Faucet snails have been discovered in Bowstring Lake in northern Itasca County, the Minnesota Department of Natural Resources (DNR) announced today. DNR wildlife staff made the initial discovery in late October. Further testing confirmed samples taken from the lake are faucet snails.

Boaters and waterfowlers who use the Bowstring Lake are urged to be extra thorough when looking for and removing aquatic snails, plants and mud from their boats, trailers, anchors and other equipment.

The lake will be designated as an infested water and the public accesses will be signed to alert boaters.

Faucet snails were discovered in Lake Winnibigoshish in 2008, after an extensive die-off of scaup in 2007. Waterfowl die-offs continue on Lake Winnibigoshish, but in fewer numbers in recent years. Sick and dying scaup have been located on Bowstring and Round lakes, but faucet snails were not detected in those lakes until this recent discovery in Bowstring Lake.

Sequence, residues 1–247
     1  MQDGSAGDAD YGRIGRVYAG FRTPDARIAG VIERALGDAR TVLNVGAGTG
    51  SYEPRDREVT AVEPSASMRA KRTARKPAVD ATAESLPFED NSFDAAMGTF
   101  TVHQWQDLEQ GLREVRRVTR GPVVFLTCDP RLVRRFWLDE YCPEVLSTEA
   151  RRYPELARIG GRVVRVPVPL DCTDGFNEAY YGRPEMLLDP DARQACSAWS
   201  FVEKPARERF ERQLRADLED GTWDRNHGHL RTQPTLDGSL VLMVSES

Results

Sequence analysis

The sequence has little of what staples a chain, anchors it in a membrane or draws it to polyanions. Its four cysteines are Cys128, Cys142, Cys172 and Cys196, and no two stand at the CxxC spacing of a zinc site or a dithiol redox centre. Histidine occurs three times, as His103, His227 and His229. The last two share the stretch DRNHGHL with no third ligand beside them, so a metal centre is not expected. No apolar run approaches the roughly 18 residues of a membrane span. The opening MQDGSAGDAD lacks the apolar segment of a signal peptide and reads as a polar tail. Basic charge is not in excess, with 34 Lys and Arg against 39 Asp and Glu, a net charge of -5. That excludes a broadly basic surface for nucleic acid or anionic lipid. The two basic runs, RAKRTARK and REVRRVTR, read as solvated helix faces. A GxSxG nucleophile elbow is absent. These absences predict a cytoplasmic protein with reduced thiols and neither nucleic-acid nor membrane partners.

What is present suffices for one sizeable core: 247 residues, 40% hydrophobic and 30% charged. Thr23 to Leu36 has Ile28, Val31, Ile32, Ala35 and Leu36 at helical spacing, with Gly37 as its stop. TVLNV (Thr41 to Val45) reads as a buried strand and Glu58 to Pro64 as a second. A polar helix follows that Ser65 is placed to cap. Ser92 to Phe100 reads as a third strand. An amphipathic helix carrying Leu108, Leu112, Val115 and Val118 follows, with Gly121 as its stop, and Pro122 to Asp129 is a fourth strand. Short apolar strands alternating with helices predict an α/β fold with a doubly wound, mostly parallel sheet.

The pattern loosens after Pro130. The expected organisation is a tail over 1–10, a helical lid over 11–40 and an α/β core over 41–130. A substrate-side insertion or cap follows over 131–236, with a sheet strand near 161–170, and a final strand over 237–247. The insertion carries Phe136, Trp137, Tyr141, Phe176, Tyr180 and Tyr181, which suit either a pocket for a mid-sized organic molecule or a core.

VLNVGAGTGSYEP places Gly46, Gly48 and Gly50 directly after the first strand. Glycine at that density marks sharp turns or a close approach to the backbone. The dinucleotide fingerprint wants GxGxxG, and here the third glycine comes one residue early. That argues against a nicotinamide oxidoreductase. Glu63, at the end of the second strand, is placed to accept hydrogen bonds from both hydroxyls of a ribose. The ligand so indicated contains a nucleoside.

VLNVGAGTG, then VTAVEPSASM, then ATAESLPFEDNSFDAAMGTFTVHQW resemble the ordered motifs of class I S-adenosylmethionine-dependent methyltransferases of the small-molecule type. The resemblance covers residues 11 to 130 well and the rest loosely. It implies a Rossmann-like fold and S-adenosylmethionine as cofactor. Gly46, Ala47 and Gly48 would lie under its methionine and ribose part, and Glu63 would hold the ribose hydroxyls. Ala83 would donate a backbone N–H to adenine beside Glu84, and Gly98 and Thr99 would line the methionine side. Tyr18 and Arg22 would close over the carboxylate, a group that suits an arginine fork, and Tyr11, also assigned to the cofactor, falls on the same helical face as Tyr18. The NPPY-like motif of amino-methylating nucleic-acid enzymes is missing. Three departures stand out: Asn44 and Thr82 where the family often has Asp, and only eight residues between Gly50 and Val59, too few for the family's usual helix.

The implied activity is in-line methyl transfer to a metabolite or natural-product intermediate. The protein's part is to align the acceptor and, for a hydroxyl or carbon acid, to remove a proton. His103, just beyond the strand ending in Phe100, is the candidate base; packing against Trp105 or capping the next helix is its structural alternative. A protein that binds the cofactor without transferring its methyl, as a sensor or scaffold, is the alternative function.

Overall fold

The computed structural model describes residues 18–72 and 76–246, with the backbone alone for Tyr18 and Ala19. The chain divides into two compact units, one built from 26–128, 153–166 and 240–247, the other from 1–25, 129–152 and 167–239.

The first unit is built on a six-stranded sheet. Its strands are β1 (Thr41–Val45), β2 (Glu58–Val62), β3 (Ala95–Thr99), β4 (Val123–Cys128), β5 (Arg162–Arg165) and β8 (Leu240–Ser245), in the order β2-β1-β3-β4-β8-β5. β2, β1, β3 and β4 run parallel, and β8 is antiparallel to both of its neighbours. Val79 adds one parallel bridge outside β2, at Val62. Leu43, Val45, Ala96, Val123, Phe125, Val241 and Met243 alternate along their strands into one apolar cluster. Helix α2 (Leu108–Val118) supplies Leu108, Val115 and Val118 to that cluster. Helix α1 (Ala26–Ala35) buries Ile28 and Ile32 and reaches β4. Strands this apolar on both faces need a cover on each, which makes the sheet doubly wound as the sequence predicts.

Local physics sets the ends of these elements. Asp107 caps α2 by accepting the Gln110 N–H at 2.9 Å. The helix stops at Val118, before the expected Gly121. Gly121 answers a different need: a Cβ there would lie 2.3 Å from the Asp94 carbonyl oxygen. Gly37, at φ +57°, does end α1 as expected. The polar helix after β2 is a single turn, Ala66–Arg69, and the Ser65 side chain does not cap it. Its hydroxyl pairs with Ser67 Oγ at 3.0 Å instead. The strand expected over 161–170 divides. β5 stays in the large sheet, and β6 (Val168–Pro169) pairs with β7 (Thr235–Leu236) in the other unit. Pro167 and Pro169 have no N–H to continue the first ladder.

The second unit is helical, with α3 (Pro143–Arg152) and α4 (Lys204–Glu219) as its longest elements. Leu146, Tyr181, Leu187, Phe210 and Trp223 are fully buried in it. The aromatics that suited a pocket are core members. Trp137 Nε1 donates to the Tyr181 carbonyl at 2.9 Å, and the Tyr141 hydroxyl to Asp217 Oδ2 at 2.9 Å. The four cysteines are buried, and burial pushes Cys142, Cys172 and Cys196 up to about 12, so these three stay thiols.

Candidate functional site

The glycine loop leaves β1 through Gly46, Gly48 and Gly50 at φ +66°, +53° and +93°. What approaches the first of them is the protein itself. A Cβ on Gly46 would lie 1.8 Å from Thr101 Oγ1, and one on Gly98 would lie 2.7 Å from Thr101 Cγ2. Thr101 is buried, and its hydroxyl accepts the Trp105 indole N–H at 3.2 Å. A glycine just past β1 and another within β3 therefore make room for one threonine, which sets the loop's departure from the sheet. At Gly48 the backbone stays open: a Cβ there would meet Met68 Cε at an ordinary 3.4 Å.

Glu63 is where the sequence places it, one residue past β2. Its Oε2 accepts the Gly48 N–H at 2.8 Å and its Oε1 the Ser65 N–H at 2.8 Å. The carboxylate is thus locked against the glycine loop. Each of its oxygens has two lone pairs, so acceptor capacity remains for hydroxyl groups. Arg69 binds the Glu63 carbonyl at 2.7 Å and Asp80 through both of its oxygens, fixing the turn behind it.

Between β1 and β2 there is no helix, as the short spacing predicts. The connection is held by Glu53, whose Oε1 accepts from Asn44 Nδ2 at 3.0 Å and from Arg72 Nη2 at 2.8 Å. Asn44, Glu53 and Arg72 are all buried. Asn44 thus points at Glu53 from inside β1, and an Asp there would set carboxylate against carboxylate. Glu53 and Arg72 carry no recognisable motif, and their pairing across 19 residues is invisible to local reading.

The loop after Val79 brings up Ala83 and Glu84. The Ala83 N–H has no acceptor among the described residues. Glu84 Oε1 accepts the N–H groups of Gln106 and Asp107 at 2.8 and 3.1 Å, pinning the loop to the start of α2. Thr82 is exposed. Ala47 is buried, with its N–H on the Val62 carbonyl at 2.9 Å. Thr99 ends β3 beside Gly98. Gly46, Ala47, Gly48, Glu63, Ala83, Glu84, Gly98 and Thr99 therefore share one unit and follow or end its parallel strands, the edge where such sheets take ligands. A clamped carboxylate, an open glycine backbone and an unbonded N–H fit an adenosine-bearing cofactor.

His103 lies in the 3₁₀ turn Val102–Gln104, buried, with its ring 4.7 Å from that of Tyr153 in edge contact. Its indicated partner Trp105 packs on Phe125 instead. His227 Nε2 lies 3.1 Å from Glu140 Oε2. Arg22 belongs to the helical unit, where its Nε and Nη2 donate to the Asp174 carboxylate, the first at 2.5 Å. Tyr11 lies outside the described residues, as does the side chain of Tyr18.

Faucet snails have not yet been detected in Round Lake.

The faucet snail, an aquatic snail native to Europe, was introduced to the Great Lakes in the 1870s. The snail is an intermediate host for four different intestinal trematodes, or flukes, that cause death in waterfowl, particularly, scaup and coots.

When waterfowl consume the infected snails, the adult trematodes attack the internal organs and cause lesions and hemorrhage. Infected birds appear lethargic and have difficulty diving and flying before eventually dying. Faucet snails also compete with native snails, and may clog water intake pipes and other submerged equipment.

There is no evidence that other wildlife besides waterfowl, including any fish species, are adversely affected by the trematodes present in faucet snails. Fish from faucet snail infested lakes can be eaten, but any ducks or other birds that appear sick should not be consumed.

More information about faucet snail identification, infested waters, how to inspect water equipment, and a current infested waters list are available on the DNR website at www.mndnr.gov/invasives/aquaticanimals/faucet_snail/index.html or www.mndnr.gov/invasives/index_aquatic.html.

Logo courtesy Minnesota Department of Natural Resources

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